//We specify the attributes to attach to this object.
                .withObjectAttributeList(new AttributeKeyAndValue()
                    .withKey(new AttributeKey()
                             // Name attribute for the group
                             .withSchemaArn(appliedSchemaArn)
                             .withFacetName("Group")
                             .withName("Name"))
                        // We provide the attribute value. The type used here must match the type defined in schema
                             .withValue(new TypedAttributeValue().withStringValue(groupName)));
    client.createObject(request);
    }

Create employee objects

The group objects are now in the directory. Next, I create employee objects for Anna and Bob under the ITStaff group. The following Java code creates the Anna object. Creating the Bob object is similar. When creating the Bob object, I provide different attribute values for Name, EmailAddress, and the like.

    CreateObjectRequest createAnna = new CreateObjectRequest()
                .withDirectoryArn(directoryArn)
                .withLinkName("Anna")
                .withParentReference(new ObjectReference().withSelector("/ITStaff"))
                .withSchemaFacets(new SchemaFacet()
                        .withSchemaArn(appliedSchemaArn)
                        .withFacetName("Employee"))
                .withObjectAttributeList(new AttributeKeyAndValue()
                        .withKey(new AttributeKey()
                                // Name attribute from employee facet
                                .withSchemaArn(appliedSchemaArn)
                                .withFacetName("Employee")
                                .withName("Name"))
                        .withValue(new TypedAttributeValue().withStringValue("Anna")),
                        new AttributeKeyAndValue()
                        .withKey(new AttributeKey()
                                // EmailAddress attribute from employee facet
                                .withSchemaArn(appliedSchemaArn)
                                .withFacetName("Employee")
                                .withName("EmailAddress"))
                        .withValue(new TypedAttributeValue().withStringValue("[email protected]")),
                        new AttributeKeyAndValue()
                        .withKey(new AttributeKey()
                                 // Status attribute from employee facet
                                .withSchemaArn(appliedSchemaArn)
                                .withFacetName("Employee")
                                .withName("Status"))
                        .withValue(new TypedAttributeValue().withStringValue("ACTIVE")));
     // CreateObject provides the object identifier of the object that was created.  An object identifier
       // is a globally unique, immutable identifier assigned to every object.
     String annasObjectId = client.createObject(createAnna).getObjectIdentifier();

Both the Bob and Anna objects are created under ITStaff, but Anna is also a manager and needs to be added under the Managers group. The following code does just that.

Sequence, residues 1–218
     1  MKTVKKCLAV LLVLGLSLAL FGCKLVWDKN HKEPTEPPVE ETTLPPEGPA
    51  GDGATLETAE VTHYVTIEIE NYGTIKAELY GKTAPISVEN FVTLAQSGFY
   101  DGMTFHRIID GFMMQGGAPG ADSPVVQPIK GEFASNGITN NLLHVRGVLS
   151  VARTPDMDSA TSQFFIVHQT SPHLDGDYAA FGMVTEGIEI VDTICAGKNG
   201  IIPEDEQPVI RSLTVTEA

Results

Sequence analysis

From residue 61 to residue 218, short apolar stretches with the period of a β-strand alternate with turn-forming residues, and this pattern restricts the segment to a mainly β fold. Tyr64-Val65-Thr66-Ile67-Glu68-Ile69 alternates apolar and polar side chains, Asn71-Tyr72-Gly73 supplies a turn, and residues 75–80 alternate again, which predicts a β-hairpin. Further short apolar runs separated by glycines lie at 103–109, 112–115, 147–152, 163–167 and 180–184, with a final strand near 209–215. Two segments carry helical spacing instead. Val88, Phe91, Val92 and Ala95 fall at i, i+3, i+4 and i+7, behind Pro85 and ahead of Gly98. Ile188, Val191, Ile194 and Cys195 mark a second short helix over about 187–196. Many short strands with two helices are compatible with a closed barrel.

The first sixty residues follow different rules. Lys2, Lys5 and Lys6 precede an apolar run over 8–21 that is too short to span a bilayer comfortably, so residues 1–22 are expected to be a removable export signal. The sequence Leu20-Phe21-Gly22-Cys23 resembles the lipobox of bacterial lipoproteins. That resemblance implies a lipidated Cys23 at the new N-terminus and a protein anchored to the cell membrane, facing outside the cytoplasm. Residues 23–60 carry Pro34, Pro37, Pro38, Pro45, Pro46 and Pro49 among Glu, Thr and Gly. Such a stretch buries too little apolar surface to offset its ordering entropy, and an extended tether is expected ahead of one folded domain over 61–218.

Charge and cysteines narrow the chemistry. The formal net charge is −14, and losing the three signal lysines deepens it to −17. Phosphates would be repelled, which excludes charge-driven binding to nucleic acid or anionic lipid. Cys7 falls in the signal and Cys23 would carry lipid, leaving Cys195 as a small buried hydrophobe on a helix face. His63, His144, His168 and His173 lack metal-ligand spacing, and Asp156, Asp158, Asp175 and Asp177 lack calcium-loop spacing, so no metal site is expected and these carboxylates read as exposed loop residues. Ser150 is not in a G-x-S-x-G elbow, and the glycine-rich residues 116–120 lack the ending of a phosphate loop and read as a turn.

AttachObjectRequest makeAnnaAManager = new AttachObjectRequest()
           .withDirectoryArn(directoryArn)
           .withLinkName("Anna")
           // Provide the parent object that Anna needs to be attached to using the path to the Managers object
           .withParentReference(new ObjectReference().withSelector("/Managers"))
           // Here we use the object identifier syntax to specify Anna's node. We could have used the
           // following path instead: /ITStaff/Anna. Both are equivalent.
           .withChildReference(new ObjectReference().withSelector("$" + annasObjectId));
   client.attachObject(makeAnnaAManager);

Retrieving objects in the directory

Now that I have populated my directory, I want to find a specific object. I can do that either by using the path to the object or the object identifier. I use the getObjectInformation API to first get the Anna object by specifying its path, and then I print the object identifiers of all the parents of the Anna object. I should print two parent object identifiers because Anna has both ITStaff and Managers as its parent. Here I am listing parents; however, I also can perform other operations on the object such as listing its children or its attributes. Using listChildren and listObjectAttributes, I can retrieve all the information stored in my directory.

    // First get the object for Anna
    GetObjectInformationRequest annaObjectRequest = new GetObjectInformationRequest()
           .withObjectReference(new ObjectReference().withSelector("/Managers/Anna"))
           .withDirectoryArn(directoryArn);
    GetObjectInformationResult annaObjectResult =  client.getObjectInformation(annaObjectRequest);
    // List parent objects for Anna to give her groups
    ListObjectParentsRequest annaGroupsRequest = new ListObjectParentsRequest()
           .withDirectoryArn(directoryArn)
           .withObjectReference(new ObjectReference().withSelector("$" + annaObjectResult.getObjectIdentifier()));
    ListObjectParentsResult annaGroupsResult =  client.listObjectParents(annaGroupsRequest);
    for(Map.Entry<String, String> entry : annaGroupsResult.getParents().entrySet())
    {
       System.out.println("Parent Object Identifier:" + entry.getKey());
       System.out.println("Link Name:" + entry.getValue());
    } 

Summary

In this post, I showed how to use Cloud Directory APIs to create an organizational chart with multiple hierarchies. Keep in mind that Cloud Directory offers additional functionality such as batch operations and indexing that I have not covered in this blog post. For more information, see the Amazon Cloud Directory API Reference.

If you have questions or suggestions about this blog post, start a new thread on the Directory Service forum.

– Srikanth